What the Nov. 6 results mean -- and don't mean
On election night, Olague told us she believed her split with the Mayor's Office really had more to do with CleanPowerSF –- which the board approved with a veto-proof majority over the objections of Lee and the business community –- and with her insisting on new revenue from Prop. E than it did with Mirkarimi, whose ouster she dismissed as "a power play" aimed at weakening progressives.
"They don't want to say it, but it was the whole thing around CleanPowerSF. Do you think PG&E wanted to lose its monopoly?" she said.
Yet Olague said the blame from her loss was also shared by progressives, who were hard on her for supporting Lee, courting his appointment to the D5 seat, and for voting with him on 8 Washington luxury condo project and other high-profile issues. "The left and the right both came at me," she told us. "From the beginning, people were hypercritical of me in ways that might not be completely fair."
Fair or not, Olague's divided loyalties hurt her campaign for the D5 seat, with most prominent progressives only getting behind her at the end of the race after concluding that John Rizzo's lackluster campaign wasn't going anywhere, and that Julian Davis, marred as he was by his mishandling of sexual impropriety accusations, couldn't and shouldn't win.
Olague told us she "can't think of anything I would have done differently." But she later mentioned that she should have raised the threats to renters earlier, worked more closely with other progressive candidates, and relied on grassroots activists more than political consultants connected to the Mayor's Office.
"The left shouldn't deal with consultants, we should use steering committees to drive the agenda," Olague said, noting that her campaign finally found its footing in just the last couple weeks of the race.
Inside sources say Olague's relations with Lee-connected campaign consultant Enrique Pearce soured months before the campaign finally sidelined him in the final weeks, the result of his wasteful spending on ineffective strategies and divided loyalties once a wedge began to develop between Olague and the Mayor's Office.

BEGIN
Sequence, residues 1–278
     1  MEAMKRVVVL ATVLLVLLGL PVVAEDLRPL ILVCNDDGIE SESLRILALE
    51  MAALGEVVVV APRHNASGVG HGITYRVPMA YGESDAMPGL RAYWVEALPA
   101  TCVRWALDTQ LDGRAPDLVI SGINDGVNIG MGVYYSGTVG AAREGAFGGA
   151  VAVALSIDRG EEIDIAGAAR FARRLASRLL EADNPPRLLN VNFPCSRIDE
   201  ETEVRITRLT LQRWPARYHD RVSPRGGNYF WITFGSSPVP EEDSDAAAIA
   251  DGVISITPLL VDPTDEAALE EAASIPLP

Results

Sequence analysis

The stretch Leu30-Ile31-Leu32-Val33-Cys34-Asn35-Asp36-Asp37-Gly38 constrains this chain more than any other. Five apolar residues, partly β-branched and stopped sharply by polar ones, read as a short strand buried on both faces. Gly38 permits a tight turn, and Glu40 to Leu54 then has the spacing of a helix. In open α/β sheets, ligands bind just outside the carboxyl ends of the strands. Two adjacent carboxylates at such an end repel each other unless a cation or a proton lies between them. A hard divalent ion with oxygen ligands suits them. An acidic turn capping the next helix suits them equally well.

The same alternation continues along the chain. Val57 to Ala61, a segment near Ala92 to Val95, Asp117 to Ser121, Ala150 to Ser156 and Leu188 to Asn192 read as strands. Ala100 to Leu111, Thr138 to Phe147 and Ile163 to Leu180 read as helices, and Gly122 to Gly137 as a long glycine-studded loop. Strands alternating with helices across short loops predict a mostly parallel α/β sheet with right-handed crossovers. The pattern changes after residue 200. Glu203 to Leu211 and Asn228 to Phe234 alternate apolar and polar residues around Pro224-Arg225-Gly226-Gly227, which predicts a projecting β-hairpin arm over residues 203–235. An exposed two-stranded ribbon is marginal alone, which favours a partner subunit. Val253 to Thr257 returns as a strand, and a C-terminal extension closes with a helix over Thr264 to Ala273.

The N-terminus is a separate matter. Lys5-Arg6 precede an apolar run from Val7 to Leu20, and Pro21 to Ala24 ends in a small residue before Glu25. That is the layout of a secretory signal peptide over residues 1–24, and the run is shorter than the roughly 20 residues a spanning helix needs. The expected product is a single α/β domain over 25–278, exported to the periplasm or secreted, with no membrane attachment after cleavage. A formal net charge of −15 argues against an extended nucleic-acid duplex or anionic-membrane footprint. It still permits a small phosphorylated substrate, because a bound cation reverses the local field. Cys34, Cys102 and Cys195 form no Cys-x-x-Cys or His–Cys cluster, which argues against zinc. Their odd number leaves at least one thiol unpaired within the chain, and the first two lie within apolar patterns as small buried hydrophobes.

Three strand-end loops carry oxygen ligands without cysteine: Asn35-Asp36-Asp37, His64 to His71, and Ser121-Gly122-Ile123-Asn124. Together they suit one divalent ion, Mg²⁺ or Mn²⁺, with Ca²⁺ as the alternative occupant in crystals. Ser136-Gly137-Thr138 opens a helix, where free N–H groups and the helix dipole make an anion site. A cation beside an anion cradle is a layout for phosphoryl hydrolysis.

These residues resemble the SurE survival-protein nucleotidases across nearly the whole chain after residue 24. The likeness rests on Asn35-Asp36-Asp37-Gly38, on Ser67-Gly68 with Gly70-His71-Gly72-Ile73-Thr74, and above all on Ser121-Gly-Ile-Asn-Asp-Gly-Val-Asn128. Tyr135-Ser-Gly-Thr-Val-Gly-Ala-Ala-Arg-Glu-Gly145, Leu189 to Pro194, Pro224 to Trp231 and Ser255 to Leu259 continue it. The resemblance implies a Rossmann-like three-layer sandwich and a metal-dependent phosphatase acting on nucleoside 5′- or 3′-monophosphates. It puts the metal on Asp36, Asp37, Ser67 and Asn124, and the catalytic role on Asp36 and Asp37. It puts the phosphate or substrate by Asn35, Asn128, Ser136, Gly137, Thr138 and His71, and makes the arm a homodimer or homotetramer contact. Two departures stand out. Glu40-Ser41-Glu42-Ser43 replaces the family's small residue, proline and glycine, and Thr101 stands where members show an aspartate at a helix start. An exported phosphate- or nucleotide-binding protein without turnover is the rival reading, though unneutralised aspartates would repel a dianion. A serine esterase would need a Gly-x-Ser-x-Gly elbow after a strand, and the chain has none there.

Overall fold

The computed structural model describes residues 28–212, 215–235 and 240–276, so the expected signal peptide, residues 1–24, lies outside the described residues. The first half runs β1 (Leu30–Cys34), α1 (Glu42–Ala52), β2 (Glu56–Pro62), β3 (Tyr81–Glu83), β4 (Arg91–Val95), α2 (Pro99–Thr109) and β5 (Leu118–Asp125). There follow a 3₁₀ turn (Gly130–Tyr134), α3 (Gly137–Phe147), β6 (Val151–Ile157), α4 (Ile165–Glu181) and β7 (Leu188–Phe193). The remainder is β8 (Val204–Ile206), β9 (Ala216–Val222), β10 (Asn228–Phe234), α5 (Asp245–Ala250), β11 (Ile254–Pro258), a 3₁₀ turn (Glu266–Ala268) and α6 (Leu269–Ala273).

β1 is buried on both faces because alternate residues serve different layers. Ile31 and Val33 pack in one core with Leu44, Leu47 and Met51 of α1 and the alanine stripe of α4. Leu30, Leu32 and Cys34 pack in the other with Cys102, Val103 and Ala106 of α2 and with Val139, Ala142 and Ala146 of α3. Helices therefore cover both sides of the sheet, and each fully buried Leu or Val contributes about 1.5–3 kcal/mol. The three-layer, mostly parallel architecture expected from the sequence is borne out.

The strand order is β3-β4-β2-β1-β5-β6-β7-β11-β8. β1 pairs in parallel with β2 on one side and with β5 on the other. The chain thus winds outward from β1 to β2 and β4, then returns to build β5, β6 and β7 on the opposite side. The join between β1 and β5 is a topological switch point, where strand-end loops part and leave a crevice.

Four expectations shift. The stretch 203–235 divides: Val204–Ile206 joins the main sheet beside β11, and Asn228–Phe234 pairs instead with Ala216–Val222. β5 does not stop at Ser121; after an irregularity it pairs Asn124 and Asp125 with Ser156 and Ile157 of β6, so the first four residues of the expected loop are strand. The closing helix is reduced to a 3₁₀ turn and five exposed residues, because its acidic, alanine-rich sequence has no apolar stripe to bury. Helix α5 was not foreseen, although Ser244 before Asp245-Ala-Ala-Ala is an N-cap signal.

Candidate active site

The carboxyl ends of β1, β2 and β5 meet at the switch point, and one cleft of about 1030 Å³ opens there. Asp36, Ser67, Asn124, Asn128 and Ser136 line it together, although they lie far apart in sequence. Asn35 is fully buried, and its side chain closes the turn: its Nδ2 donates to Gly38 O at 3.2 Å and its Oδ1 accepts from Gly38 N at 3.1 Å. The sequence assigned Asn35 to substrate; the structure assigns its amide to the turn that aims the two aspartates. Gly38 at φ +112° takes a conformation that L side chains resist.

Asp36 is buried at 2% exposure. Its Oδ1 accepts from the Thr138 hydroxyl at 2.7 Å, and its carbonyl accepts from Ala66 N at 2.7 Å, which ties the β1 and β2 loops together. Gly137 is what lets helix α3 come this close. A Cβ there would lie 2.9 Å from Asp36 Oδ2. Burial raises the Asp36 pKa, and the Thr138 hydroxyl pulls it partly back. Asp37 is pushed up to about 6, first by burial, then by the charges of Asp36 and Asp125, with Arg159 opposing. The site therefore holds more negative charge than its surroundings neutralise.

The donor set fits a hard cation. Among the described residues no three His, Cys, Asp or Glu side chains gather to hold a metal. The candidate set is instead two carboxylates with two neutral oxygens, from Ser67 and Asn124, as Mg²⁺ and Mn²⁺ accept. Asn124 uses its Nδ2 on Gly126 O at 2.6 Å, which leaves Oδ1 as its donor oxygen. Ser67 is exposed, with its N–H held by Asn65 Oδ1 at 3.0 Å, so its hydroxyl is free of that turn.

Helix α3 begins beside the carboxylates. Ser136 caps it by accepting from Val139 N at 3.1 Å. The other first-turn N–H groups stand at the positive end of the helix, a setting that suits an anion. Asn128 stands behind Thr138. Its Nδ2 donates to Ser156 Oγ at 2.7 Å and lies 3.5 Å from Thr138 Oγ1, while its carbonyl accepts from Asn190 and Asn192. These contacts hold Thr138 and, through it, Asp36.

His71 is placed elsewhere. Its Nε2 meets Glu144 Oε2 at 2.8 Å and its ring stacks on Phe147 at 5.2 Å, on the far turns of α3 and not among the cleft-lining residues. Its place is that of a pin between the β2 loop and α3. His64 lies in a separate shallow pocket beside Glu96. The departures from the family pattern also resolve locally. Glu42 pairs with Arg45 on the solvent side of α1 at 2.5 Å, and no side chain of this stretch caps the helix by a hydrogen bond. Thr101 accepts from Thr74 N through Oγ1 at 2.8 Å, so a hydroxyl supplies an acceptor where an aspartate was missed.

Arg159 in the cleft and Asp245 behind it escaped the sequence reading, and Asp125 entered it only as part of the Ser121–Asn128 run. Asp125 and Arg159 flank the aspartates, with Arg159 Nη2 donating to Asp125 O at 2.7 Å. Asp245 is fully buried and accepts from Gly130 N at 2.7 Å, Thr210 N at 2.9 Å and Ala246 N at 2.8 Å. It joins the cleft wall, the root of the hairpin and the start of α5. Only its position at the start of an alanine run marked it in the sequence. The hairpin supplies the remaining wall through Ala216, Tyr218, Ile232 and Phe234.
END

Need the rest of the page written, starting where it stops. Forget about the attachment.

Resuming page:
Progressive endorsements were all over the map in the district: The Harvey Milk Club endorsed Davis then declined to withdraw that endorsement. The Tenants Union wasn't with Olague. The Guardian endorsed Rizzo number one. And none of the leading progressive candidates had a credible ranked-choice voting strategy -- Breed got nearly as many second-place votes from Davis and Rizzo supporters as Olague did.
Meanwhile, Breed had a high-profile falling out with Brown, her one-time political ally, after her profanity-laden criticism of Brown appeared in Fog City Journal and then the San Francisco Chronicle, causing US Sen. Dianne Feinstein to withdraw her endorsement of Breed. That incident and Olague's ties to Lee, Brown, and Pak may have solidified perceptions of Breed's independence among even progressive voters, which the late attacks on her support from landlords weren't ever able to overcome.
Ironically, while Breed and some of her prominent supporters, including African American ministers in the district, weren't happy when Lee bypassed her to appoint Olague, that may have been her key to victory. Latterman noted that while Olague was plagued by having to divide loyalties between Lee and her progressive district and make votes on tough issues like reinstating Mirkarimi –- a vote that could hurt the D5 supervisor in either direction -– Breed was free to run her race and reinforce her independence: "I think Supervisor Breed doesn't win this race; challenger Breed did."
But even if Breed lives up to progressive fears, the balance of power on the Board of Supervisors could be up in the air. District 7 soundly rejected Mike Garcia, the hand-picked successor of the conservative outgoing Sup. Sean Elsbernd.